As a result, the EPA scientists' concerns did not become a part of the administrative record, which appeals courts rule on — and which the Minnesota Court of Appeals will rely on in its review of the MPCA's decision to issue the permit. 

Fowley, the former EPA attorney who filed the inspector general complaint, said in a filing included in WaterLegacy's appeals court case that it was "highly unusual" that written comments on such a complex permit would not be part of the public record.    "In all of my years of experience," he wrote, "I have never heard of a situation where EPA personnel have read written comments on a permit to state personnel over the phone."

Fowley worked for 37 years at the EPA office in Boston and specialized in Clean Water Act compliance.   "The apparent purpose for only receiving such comments over the phone would be to obtain them off the record — to avoid the MPCA receiving written comments which it would then need to be put into the administrative record for the permit and to which it would then need to respond," he wrote.

Fowley told the court last week that the EPA's inspector general had begun a preliminary inquiry into his complaint. The office announced Wednesday it was beginning an audit of the water quality permit issued by the MPCA "to determine whether the EPA followed appropriate Clean Water Act ... regulations to review the PolyMet permit approved by Minnesota and issued in 2018." 

But in interviews and court filings, the MPCA argues it engaged in a robust back-and-forth with EPA staffers for several years in developing PolyMet's water quality permit. Officials insist it was neither out of the ordinary — nor unethical — for the agency to receive comments from federal regulators over the phone.

"I think it was the most effective way for [EPA] to make the comments and for us to react to them," said John Linc Stine, who was MPCA commissioner while the PolyMet water quality permit was being developed. 

"There had been years and years of document exchange and comment back and forth," he continued. "So, it seemed right to me to handle it by phone calls, so that we could get the permit finally resolved and drafted." 

Linc Stine said it wasn't unusual for the EPA not to submit written comments. MPCA officials said the agency's staffers engaged in regular conference calls with their EPA counterparts, and continually incorporated their feedback into the draft water quality permit. 

But Paula Maccabee, WaterLegacy's attorney and advocacy director, said it's commonplace for the EPA to provide written comments on major industrial permits in Minnesota — and for the MPCA to provide detailed responses.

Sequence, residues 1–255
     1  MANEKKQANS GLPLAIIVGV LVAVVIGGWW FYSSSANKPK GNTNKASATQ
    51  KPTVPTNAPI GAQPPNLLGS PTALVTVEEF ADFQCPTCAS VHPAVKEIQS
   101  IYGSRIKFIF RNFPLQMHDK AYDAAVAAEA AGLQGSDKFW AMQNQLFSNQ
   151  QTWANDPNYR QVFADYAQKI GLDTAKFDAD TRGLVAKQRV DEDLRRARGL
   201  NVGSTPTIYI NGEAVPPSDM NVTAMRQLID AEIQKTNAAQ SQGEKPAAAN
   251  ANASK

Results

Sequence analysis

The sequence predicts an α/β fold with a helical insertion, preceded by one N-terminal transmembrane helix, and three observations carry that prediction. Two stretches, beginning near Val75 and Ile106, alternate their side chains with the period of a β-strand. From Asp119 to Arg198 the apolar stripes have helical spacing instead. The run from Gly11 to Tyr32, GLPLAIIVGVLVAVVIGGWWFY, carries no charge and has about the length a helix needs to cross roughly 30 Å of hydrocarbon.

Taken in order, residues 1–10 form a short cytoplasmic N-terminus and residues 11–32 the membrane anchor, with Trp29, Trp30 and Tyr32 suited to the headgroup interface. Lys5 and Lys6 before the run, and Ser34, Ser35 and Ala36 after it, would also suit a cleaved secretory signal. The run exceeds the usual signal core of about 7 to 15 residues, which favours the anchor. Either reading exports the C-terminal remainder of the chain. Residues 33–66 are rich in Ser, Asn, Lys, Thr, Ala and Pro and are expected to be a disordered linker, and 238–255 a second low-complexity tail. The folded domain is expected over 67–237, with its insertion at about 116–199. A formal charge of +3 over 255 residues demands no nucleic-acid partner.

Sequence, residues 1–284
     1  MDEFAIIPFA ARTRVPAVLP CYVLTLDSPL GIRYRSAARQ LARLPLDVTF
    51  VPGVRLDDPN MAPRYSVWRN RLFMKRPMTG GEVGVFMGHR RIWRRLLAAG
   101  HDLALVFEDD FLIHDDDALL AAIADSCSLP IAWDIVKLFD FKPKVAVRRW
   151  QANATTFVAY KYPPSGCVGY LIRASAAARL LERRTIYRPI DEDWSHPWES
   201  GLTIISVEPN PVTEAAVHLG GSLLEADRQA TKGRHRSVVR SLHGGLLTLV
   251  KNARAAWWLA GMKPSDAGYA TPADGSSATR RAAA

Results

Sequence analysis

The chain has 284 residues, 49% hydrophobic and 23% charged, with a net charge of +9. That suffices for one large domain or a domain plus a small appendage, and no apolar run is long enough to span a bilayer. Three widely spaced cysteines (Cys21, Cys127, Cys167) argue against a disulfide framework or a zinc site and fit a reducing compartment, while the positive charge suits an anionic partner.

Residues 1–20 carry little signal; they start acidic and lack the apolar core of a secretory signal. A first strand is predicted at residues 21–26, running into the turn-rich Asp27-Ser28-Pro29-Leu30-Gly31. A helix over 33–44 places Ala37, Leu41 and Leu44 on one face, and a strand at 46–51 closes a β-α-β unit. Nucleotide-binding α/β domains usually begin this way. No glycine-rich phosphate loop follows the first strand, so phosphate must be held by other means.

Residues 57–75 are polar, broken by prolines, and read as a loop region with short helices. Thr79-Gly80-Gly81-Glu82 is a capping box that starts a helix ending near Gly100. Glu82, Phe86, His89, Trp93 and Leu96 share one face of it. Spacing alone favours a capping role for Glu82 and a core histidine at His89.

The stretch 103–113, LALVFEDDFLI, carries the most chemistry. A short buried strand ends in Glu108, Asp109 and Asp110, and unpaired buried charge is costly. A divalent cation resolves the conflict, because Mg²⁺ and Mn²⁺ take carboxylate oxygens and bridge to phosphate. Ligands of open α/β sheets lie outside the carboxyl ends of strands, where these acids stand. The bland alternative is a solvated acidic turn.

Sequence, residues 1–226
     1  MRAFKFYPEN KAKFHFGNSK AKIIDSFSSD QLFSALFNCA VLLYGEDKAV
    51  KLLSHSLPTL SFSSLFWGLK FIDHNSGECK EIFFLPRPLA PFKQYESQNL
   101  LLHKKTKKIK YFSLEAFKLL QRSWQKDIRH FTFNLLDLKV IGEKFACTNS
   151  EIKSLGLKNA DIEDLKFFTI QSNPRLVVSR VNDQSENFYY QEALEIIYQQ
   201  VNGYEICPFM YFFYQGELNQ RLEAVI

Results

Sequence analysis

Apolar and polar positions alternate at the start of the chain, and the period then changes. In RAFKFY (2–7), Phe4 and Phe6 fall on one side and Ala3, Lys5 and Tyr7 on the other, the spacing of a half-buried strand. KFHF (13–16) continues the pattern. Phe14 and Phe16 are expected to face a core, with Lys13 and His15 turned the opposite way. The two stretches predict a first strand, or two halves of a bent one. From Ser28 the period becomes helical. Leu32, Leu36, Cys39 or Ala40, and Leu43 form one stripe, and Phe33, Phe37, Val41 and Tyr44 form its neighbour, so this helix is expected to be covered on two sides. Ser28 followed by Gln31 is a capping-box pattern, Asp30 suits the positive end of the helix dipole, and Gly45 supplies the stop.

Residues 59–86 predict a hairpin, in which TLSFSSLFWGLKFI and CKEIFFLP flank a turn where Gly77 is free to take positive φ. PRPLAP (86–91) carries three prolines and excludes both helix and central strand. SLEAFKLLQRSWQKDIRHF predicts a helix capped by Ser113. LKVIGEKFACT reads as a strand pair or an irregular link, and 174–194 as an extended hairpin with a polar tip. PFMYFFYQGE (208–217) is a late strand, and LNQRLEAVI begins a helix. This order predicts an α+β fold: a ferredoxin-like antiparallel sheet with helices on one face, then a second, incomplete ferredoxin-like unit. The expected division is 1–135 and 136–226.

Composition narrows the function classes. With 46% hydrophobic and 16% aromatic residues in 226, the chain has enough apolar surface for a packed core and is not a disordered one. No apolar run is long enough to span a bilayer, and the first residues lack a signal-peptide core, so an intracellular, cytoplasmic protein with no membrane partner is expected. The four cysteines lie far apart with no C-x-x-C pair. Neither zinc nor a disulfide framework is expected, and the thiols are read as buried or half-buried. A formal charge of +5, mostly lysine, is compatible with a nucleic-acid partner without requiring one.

MPCA spokesperson Darin Broton emphasized that staffers from the state and federal agencies had frequent conversations during the permitting process. Those conversations, he said, resulted in substantive changes to the permit along the way, including additional limits on the discharge of several pollutants — including arsenic, lead and mercury — and "language prohibiting violation of water quality standards."

Broton said that's why the EPA did not object to the MPCA's final permit when the state agency sent it to them for final review. 

But the Fond du Lac Band and environmental groups that brought the appeals court case argue that the limits included in the permit are weak and unenforceable, and aren't the same kind of restrictions that EPA scientists asked for in the comment letter released Thursday. 

They also argue the permit, as written, could actually act as a shield to protect the company from potential liability. 

"Without those effluent limits, Minnesota water quality won't be protected from the state's first proposed toxic sulfide mine," Water Legacy's Maccabee said.

WaterLegacy's appeals court case is one of several lawsuits making its way through state and federal courts seeking to overturn various approvals PolyMet received to build its mine. 

Barring a successful legal challenge, PolyMet is clear to begin construction of the state's first-ever copper-nickel mine, once it raises the estimated $1 billion it will cost to build it. Later this month, PolyMet is expected to conclude a stock offering to clear debt from its balance sheet, which could result in the Swiss mining and commodities giant Glencore winning majority ownership of the company.